In the Flesh – Part one: Sex and the Bible
In the first of a three-part series to promote discussion on questions about sex and God, Carla Grosch-Miller invites us to takes a fresh look at what the Bible really say
My third year in ministerial training, biblical ethics class. The lecturer asks: What are biblical sexual ethics? A clean-cut, earnest chap raises his hand: Christian family values. Sex is for marriage. Having read the Bible cover to cover and in depth during my first year of training, I shot my hand into the air: What about levirate marriage, polygamy, concubinage, and Paul’s promotion of celibacy?
In Reformed churches, the Bible discerned under the guidance of the Holy Spirit is the primary authority for faith and conduct. The biblical witness on sexual matters is complex. We believe that the 66 books of the Bible are “God-breathed” (2 Timothy 3:16), not God-dictated. They came to us through particular human beings whose understanding and perceptions were shaped by their culture. Understanding as much as we can about those cultures helps us to make sense of what we read.
What does the Bible have to say about sex? And what are the cultural assumptions that shaped the texts?
Here is a list of the scriptures that relate to sex, grouped by category. The only thing missing is the prophets’ use of marriage as a metaphor for the relationship between God and God’s people.
• Creation and family stories: Genesis 1-4; Genesis 16; Genesis 18; Genesis 38
• The rules: Exodus 20:1-17; Exodus 22:16-18; in the Holiness Codes – Leviticus chapters 12, 15, 18-20; Deuteronomy 20:13-18; 21:10-21; 22:5,13-30; 23:1-2,10-11, 17-18; 24: 1-5; 25:11
• The horrors: Judges 19-21; Genesis 34; Genesis 19 (see also Ezekiel 16:49-50 and Jude 1:5-7); 2 Samuel 13
• The blessings: Deuteronomy 24:5; Ecclesiastes 9:7-9; Song of Songs; Psalm 127; Proverbs 31:10-31
• The apostolic writings: Matthew 1:1-18; Matthew 5:27-32; Matthew 19:1-12; Luke 16:18; John 8: 2-11; Acts 15; Romans 1:18-32; 1 Corinthians 5- 7; Galatians 3:27-29; Ephesians 5:21-33; Colossians 3:1-4:1; 1 Thessalonians 4:1-8; 1 Timothy 1:8-11; 2:8-15; Titus 2:1-15; Hebrews 13:1-6; 1 Peter 3:1-9.
Choose a category and give them a read. Ask yourself: What are the writer’s assumptions about gender and about sex (the two topics are inextricably intertwined)? What might life have been like back then?
Here is some information that might help: In the ancient Near East, fertile women needed to have five live births in order for the tribe to survive. The majority of infants born did not survive first birthday. Women were sexual and domestic property, not individuals with the power to say yay or nay to marriage or sex. In these patriarchal cultures, men owned the women, the children, the animals and the fields; they needed to be able to sow their seed and sire offspring to survive in the face of challenges from other tribes. Polygamy, levirate marriage, concubinage and rules that protected their child-bearing property are part and parcel of biblical sexual ethics. Men could readily divorce women for being barren; women could not procure a divorce for any reason.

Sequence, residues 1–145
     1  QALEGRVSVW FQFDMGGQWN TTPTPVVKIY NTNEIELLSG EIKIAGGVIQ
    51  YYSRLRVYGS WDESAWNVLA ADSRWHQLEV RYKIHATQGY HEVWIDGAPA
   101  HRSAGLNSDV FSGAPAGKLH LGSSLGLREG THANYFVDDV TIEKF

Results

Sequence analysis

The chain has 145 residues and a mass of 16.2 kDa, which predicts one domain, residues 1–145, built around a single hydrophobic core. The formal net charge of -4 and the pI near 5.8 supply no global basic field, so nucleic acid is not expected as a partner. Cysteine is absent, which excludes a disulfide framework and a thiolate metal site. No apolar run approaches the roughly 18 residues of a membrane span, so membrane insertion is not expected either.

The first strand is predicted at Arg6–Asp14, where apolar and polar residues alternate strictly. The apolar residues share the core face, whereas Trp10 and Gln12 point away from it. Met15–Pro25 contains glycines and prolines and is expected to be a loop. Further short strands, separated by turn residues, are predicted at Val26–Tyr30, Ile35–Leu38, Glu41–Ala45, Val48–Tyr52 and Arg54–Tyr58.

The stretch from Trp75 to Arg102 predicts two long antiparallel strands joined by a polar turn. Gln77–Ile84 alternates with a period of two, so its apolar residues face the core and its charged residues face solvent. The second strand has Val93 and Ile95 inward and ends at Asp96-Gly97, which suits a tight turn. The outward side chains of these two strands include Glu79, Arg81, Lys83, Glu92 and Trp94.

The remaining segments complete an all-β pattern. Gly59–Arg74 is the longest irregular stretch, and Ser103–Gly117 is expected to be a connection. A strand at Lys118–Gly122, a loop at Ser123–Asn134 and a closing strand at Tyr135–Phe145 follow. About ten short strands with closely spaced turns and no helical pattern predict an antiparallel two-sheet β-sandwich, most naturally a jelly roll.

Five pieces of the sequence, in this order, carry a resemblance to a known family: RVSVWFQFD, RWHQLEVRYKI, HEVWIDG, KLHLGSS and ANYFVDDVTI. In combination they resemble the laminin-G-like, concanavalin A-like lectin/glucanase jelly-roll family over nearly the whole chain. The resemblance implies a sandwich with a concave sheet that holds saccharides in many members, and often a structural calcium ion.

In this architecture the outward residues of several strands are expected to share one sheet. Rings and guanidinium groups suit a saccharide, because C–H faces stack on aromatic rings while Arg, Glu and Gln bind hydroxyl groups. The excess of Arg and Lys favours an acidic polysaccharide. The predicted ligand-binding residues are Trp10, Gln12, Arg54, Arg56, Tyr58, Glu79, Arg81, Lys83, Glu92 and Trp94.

Old Testament sexual ethics were driven by the pressing need for procreation, the protection of property, and maintaining social order and national identity via “purity” rules, eg the Leviticus Holiness Codes, in a land populated with competing tribes with their own gods. We read the prohibition of adultery in the 10 Commandments and apply our contemporary understanding: What is wrong is the betrayal of trust and the breaking of covenant. In the Bible the prohibition against adultery is instead about protecting the male’s property rights and parentage. This does not diminish the importance of the prohibition, for which Christian tradition has developed a different rationale; it does however alert us to the fact that biblical writers had a different set of assumptions and concerns than we do.
Turning to the New Testament, did Jesus overturn earlier biblical sexual ethics? How did the early Christian community understand the old rules? There isn’t much sex in the New Testament. Jesus saves an adulterous woman from stoning, elevates women by taking them out of the category of disposable property by making divorce impermissible, and equates lust with adultery. Professor Countryman concludes that the four Gospels have different ways of presenting the subject of “purity” that the Holiness Codes address but there is one point on which they all agree: For Christians, physical “purity” no longer determined their relationship with God. What made a person a Christian was love of God and neighbour, not eating kosher food or following the Levitical Code.
Paul, convinced the end time was at hand, counselled celibacy. The great circumcision debate in Acts was resolved in favour of dropping the legal requirements but for a prohibition against contact with blood, strangled food, food offered to idols, and porniea: A word variously interpreted to mean idolatry or fornication. It is impossible to ascertain exactly what was meant.
Serious study of biblical sexual ethics may leave us scratching our heads. We would not dream of making our daughter marry her rapist or requiring a widow to marry her dead husband’s brother, nor do we condone rape as a fruit of warfare. Procreation is no longer the pressing need. We don’t think of women as sexual property and honour their right of consent. How do we discern what we read? What Godly values guide our thinking?
Carla Grosch-Miller is a United Reformed Church minister and theological educator
Next month: How did sexual ethics evolve in the Christian tradition in the generations after Jesus?
This article was published in the November 2014 edition of Reform.